A film by Kim Longinotto, who has been making feminist ethnographical documentaries all over the world, The Day I Will Never Forget documents the traditions of female circumcision and marriage of various tribes in Kenya. It shows how androcentrism is connected with local traditions, conventions, and institutions of matrimony and family, and also how repressive that connection can be to the bodies and souls of women. The detailed and prolonged scene where two girls are being circumcised-lasting about 10 minutes-leads the audience to a painful and shocking awakening.
Most of all, the film is about the girls’ struggles against such institutions and traditions through ‘the politics of testimonies and recollections’. The film’s title comes from a poem by a girl determined not to forget the horrible pain of circumcision. One Masai girl leaves home as her mother forces her to marry a much older man, and other girls bring a collective lawsuit against their parents for forcing them to be circumcised. The most devastating aspect of the female circumcision tradition is that it is exercised by other women, including the victim’s own mothers. However, the women of the younger generation who have begun to question and resist those repressive traditions are ready to reconcile with their mothers, who are yet other victims of the male-dominated tradition. (Kwon Eun-sun)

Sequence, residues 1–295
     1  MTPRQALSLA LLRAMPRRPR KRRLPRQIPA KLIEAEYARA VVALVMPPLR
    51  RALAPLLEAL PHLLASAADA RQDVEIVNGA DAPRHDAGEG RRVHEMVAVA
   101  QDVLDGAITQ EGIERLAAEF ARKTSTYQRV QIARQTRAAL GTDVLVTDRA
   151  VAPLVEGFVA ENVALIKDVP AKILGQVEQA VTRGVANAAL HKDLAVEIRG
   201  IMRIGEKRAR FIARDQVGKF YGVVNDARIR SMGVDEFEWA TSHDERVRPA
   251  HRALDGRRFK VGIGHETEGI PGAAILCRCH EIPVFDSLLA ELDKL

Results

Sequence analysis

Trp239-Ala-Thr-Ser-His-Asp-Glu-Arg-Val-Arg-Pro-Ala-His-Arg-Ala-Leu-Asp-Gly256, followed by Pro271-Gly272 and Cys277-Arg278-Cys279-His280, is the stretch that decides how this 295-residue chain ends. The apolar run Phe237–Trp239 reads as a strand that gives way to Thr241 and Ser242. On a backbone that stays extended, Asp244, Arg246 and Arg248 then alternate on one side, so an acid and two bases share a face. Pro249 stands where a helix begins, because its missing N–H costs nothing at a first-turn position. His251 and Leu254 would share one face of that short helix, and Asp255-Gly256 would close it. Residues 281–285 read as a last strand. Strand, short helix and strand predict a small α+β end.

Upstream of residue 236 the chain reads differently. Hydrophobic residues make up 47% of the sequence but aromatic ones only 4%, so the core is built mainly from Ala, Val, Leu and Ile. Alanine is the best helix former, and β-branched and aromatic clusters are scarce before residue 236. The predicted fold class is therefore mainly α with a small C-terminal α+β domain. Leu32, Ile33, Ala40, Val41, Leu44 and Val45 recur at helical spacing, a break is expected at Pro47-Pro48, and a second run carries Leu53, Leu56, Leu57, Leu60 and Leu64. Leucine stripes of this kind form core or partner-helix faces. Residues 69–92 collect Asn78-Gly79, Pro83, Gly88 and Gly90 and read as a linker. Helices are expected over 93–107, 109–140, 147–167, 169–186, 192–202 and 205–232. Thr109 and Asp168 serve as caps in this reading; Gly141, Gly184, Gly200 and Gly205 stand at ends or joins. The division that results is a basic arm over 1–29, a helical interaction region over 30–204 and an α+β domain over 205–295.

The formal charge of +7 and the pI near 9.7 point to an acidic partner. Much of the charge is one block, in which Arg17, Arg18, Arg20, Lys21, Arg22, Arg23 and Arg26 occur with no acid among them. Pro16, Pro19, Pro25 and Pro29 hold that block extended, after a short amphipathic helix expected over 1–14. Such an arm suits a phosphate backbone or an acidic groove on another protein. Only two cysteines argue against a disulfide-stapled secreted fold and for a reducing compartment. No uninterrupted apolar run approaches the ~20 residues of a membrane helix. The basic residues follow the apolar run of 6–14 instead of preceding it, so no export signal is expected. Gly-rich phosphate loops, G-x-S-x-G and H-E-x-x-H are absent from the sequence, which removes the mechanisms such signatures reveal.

Kim LONGINOTTOKim LONGINOTTO
One of the foremost documentary filmmakers working today, Kim LONGINOTTO is renowned internationally for her compelling human portraits and her sensitive and compassionate treatment of unknown topics. Her films have won international acclaim, including the World Cinema Jury Prize in Documentary at Sundance Film Festival for Rough Aunties . Highlights include perhaps one of her best known works, Sisters in Law(2005), winner of a 2008 Peabody Award and two Cannes Awards; Pink Saris (2010) won Sepecial Jury Prize in Sheffield Doc Fest.